Hidden Valley's Jada Hurley goes up for two of her 11 points Friday against Philomath. (Photo courtesy Hidden Valley HS)
Hidden Valley's Jada Hurley goes up for two of her 11 points Friday against Philomath. (Photo courtesy Hidden Valley HS)

Top-ranked Philomath finished off a treacherous stretch of road games with a 62-49 win at No. 2 Hidden Valley in a 4A girls basketball nonleague showdown Friday night.

Sophomore wing Sage Kramer scored a season-high 28 points and junior post Mia Rust added 17 points for the Warriors (10-0), who handed the Mustangs (10-2) their first loss to an Oregon team.

“It was a really big win,” Kramer said. “We wanted this team really bad. I know we were a little bit nervous, and we wanted to come out and get them.”

The game capped an impressive two-week stretch of road wins for Philomath, a semifinal team last year. The Warriors were coming off beating No. 3 Astoria 51-50, 3A No. 3 Sutherlin 50-43 and 5A No. 7 Lebanon 61-58.

“It was a pretty good preseason for us,” Warriors coach Ben Silva said. “We still have room to grow, though. We've made some great improvement over the last two weeks, coming up against tougher competition. We're finding ways to win right now and also finding ways to get better.”

In Friday's game, Rust scored 13 points in the first quarter as Philomath took a 22-14 lead. Hidden Valley pulled even at 26-26 at half and led by as many as three points in the third quarter, which ended with the Warriors up 43-41.

Philomath took control early in the fourth quarter by converting turnovers into baskets, building the lead to double digits. Kramer scored nine points in the quarter.

“We came out with more energy on defense, and we were able to execute in transition a lot better to get those easy layups,” Kramer said.

Silva praised his team for its decision-making.

“We were real resilient and patient and executed extremely well in the fourth quarter,” Silva said. “We didn't force it in transition. If it wasn't wide open, we just pulled it back out and set up, and executed against their man-to-man extremely well.”

Hidden Valley coach Joel Jessee said Philomath executed in transition “better than any team that we've faced.”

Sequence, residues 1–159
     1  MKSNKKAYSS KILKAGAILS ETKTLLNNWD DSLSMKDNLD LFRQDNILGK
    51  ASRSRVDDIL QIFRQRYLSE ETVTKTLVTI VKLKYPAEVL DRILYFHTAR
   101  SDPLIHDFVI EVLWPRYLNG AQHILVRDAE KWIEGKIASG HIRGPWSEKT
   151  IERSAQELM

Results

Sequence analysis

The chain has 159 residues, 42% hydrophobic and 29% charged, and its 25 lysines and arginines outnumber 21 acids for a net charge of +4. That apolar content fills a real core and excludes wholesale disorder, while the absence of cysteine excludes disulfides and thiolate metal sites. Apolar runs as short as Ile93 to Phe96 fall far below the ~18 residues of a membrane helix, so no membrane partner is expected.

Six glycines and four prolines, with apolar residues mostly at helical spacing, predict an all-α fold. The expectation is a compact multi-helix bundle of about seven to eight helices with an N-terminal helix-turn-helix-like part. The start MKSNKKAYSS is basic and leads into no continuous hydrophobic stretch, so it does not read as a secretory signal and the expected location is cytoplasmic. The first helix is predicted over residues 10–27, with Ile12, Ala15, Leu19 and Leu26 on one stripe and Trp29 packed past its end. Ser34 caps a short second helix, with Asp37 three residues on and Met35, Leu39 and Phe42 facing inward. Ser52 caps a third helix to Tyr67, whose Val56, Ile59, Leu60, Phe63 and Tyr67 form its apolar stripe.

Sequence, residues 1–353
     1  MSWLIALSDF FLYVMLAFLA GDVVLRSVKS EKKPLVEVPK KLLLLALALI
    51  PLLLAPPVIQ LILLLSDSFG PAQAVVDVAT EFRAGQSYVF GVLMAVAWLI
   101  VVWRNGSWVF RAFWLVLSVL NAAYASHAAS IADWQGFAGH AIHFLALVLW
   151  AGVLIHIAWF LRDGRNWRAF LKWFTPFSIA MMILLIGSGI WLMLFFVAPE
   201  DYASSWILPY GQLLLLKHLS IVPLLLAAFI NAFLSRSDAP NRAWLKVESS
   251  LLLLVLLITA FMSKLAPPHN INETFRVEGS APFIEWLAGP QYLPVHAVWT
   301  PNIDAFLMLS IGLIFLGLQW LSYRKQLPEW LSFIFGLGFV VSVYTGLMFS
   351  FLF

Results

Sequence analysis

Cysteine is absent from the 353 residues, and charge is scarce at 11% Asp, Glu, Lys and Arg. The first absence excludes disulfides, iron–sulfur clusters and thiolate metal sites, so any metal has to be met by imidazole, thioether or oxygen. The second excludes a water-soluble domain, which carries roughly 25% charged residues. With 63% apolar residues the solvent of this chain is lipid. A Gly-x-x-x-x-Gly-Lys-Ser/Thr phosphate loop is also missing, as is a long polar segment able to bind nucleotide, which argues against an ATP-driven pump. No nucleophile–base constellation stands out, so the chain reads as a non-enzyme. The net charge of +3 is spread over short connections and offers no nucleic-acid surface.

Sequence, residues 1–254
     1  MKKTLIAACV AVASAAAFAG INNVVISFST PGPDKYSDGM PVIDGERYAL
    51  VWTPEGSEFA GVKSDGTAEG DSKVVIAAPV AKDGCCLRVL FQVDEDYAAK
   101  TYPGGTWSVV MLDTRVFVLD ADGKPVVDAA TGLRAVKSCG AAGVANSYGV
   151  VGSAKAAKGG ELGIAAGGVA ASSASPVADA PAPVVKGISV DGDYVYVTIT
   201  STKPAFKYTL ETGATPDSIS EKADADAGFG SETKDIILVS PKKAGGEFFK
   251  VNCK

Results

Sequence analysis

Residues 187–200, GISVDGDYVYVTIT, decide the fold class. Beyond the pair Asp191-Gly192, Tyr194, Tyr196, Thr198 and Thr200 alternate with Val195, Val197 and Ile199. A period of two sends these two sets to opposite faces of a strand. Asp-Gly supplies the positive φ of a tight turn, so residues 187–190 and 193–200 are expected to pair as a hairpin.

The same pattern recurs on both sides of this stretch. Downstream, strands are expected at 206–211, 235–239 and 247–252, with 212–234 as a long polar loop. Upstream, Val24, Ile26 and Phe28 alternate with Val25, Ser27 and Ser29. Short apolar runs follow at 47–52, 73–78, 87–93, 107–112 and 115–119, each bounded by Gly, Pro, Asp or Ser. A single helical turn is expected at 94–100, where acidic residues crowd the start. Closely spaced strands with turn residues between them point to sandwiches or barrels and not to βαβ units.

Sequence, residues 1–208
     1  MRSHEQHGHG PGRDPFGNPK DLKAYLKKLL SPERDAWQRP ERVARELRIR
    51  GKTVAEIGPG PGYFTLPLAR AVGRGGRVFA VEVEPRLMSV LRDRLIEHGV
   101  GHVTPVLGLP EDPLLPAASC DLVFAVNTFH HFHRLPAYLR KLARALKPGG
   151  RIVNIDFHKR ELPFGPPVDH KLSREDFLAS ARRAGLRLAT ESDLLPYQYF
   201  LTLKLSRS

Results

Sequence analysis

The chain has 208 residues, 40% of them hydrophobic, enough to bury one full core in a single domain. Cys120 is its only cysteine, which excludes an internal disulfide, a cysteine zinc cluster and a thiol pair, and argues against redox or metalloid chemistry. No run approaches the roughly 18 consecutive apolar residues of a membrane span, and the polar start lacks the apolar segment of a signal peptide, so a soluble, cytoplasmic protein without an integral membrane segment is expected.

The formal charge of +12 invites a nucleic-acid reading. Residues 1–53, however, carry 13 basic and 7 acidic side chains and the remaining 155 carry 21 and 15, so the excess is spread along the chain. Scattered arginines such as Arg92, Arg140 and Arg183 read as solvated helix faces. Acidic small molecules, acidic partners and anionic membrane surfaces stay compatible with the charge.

“That was the difference in the game,” Jessee said. “They were better than us in transition. We never took that from all the film that we watched that they were as good as they were in transition. In halfcourt, we stopped them. It was all transition that they beat us.”

Hidden Valley got as close as five points down the stretch before resorting to fouling in the final minutes.

The Mustangs got 12 points each from 6-foot-1 junior center Kaiah Fisher and sophomore guard Jaaden Steele and 11 points from junior guard Jada Hurley. Fisher, who is averaging a team-high 17 points this season, was slowed by the stomach flu.

“She toughed it out, but when she doesn't get back in transition and protect the rim, it makes it really hard for our guards to play our style of defense,” Jessee said.

Overall, Jessee was encouraged by his team's performance against the 4A favorite.

“Everybody going into the summer said that it's Philomath's year to lose it,” Jessee said. “After playing them, I'm not making excuses, but my best player, if she doesn't have the stomach flu, I think we're right there. I feel good with where we're at.”

Philomath will carry lots of momentum into its Oregon West Conference opener Jan. 10 at No. 10 Stayton. The Warriors trailed Lebanon in the final minute before getting a go-ahead layup by Rust, and were behind Astoria by double digits at halftime before battling back.

“We've shown a lot of resiliency,” Silva said.

The 5-10 Kramer is leading Philomath in scoring at about 20 points per game. She had 25 points Tuesday against Lebanon.

“She can score in a number of different ways,” Silva said. “She can shoot outside and she can get to the hoop. She likes to get out and run and score in transition. She's done a really good job of attacking the paint this year, scoring around the hoop.”